SAN FRANCISCO — The street might as well be paved with gold, and now a couple from San Jose owns it.
Tina Lam and Michael Cheng are the proud owners of super-tony Presidio Terrace — the street itself, the parking spaces and sidewalks, the palm trees and garden islands, all of this just down the hill from the Presidio and near the city’s so-called Gold Coast. They purchased the block-long private street — everything but the 35 mansions that line it — for $90,100 two years ago in an under-the-radar auction after the Presidio Homeowners Association failed to to pay $994 in back taxes, penalties and interest.
It is “the most unique property I’ve come across, by far,” said Cheng, a real estate agent who focuses on investment properties. “I’m talking to my other investors and they’ve never seen anything like this — and they own some weird stuff.”
He and Tam, who live in San Jose’s Berryessa neighborhood, would like to build their own house on the San Francisco property, if there is space and zoning allows it, and move there: “When we saw it was zoned single-family, we started thinking about that — if it can be worked out,” Cheng said. He added, “We’re still trying to figure out what the land-use opportunities are.”
Since buying the gated, oval street in April 2015, the couple has quietly assessed the situation and lately has considered other options suggested to them, including that they should charge homeowners to park on the street which has 120 parking spaces. Their purchase was first reported Monday by the San Francisco Chronicle.
Meanwhile, the homeowners only recently learned of the sale and have sued Lam, Cheng and the city, while asking the Board of Supervisors to rescind the purchase. A hearing has been scheduled for the fall.
Presidio Terrace is an exclusive enclave. It’s the former home of U.S. Sen. Dianne Feinstein, House Democratic leader Nancy Pelosi and the late mayor of San Francisco, Joseph Alioto.
Early in 2015, Cheng and Tam stumbled upon it while scanning a jumble of parcels that were being auctioned online by the city of San Francisco’s tax office.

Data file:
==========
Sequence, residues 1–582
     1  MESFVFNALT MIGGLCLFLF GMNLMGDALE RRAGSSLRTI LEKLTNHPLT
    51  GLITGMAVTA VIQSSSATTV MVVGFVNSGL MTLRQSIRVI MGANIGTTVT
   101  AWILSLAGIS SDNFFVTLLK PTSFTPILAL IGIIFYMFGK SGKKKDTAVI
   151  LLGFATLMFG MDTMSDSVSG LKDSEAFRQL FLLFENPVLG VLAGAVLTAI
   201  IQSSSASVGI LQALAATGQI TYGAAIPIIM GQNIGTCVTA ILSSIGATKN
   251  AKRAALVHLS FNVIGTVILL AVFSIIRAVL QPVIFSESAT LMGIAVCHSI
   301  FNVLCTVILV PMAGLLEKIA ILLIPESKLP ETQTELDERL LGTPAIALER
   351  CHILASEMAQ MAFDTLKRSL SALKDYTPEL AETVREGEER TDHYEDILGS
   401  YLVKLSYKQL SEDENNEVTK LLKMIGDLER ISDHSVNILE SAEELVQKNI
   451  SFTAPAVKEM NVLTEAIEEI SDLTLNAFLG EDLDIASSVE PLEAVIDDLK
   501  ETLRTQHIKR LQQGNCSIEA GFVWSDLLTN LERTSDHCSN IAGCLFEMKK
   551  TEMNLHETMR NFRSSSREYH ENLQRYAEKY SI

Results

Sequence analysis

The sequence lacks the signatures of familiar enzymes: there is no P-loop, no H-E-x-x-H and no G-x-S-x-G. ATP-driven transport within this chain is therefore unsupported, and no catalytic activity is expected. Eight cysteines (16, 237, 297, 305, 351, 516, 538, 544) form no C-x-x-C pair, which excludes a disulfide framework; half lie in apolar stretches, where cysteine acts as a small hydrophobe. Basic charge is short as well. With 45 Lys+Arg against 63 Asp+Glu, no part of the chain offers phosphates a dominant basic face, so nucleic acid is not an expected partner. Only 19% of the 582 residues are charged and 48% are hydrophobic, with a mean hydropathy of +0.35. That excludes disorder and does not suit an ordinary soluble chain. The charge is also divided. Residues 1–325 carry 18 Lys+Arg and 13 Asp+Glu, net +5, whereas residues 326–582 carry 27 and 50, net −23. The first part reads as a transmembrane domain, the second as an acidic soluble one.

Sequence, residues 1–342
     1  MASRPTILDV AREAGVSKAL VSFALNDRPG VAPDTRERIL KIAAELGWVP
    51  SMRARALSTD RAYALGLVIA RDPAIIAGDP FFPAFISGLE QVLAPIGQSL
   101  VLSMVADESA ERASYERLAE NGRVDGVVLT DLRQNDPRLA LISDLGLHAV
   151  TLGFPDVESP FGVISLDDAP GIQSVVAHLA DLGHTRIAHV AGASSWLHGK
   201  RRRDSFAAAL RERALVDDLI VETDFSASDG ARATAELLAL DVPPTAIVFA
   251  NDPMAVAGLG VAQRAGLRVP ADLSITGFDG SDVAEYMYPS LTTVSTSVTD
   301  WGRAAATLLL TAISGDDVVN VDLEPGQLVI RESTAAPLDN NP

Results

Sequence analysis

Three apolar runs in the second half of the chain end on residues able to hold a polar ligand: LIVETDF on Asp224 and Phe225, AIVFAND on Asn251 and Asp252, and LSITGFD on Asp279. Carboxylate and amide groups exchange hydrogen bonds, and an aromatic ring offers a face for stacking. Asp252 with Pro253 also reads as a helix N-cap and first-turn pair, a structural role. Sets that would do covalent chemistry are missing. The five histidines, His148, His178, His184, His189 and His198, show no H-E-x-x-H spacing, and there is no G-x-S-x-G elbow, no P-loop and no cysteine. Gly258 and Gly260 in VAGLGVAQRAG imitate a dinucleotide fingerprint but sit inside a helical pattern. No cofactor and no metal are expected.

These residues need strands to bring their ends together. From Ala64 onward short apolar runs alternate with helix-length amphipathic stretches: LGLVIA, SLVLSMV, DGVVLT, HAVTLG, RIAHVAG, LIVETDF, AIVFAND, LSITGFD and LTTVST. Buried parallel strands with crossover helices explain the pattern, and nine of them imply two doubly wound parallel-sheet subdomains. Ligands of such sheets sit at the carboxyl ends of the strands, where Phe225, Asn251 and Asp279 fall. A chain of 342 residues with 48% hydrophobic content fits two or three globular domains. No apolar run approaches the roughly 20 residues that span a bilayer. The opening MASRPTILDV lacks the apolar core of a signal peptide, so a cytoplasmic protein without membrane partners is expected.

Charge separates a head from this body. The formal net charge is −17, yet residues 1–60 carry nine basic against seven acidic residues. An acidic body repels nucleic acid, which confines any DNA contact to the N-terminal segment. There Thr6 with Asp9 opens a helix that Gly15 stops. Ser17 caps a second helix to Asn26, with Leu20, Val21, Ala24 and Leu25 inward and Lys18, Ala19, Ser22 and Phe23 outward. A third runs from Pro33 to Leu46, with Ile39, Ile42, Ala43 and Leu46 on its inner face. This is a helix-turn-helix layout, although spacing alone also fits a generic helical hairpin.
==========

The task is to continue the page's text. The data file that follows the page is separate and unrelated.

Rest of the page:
There were all sorts of “random, scrappy properties, including underwater properties, a very eclectic mix,” Cheng said. “In the midst of all this was just this odd property in a great location; the parcel number told you generically what it was: part of Pacific Heights, the right location, land in a good neighborhood. We took a chance.”
He and Lam bought it sight-unseen, he said, competing against 73 other bidders: “It was a pretty lively bidding. We just got lucky.”
And here’s the back story: The city’s tax office, the couple discovered, had put the property up for sale because the homeowners association hadn’t paid an annual $14 tax bill for three decades. All that time, it seems, the bill had been mailed to an accountant who stopped working for the homeowners in the 1980s.
The street — one of 181 private streets in San Francisco — has been managed by the homeowners since 1905.
Asked to comment on the situation, Scott Emblidge, the association’s attorney, provided a statement from the organization’s board. It calls Lam and Cheng “savvy real estate professionals” who waited for over two years to approach the homeowners’ group, “presumably so the property sale would be more difficult to rescind.”
Cheng and Lam “would like to exploit a bureaucratic oversight to their advantage,” the statement says. “This isn’t about choosing not to pay property taxes; residents of Presidio Terrace pay their individual property taxes each year. Tax bills for the common area were sent to the wrong address and no notice of delinquency (for) the sale was made to any residents of Presidio Terrace. This is purely an oversight that needs to be corrected and we are working with the City to correct this unfortunate situation.”
Cheng objected to accusations that he and his wife — who works as an engineer in tech — have been sitting on the parcel in the hope that the mansions’ owners will buy it back for big bucks. Selling it back to the homeowners was not even a strategy they had thought of on their own, he said, though he acknowledged that others have suggested it to them.
Initially, he said, he and Lam had hoped to meet face-to-face with the homeowners to discuss the state of affairs.
“We were kind of looking forward to that,” Cheng said. “But when they filed a suit against the city and named us as their additional defendants, we were advised by our attorney not to talk to them.”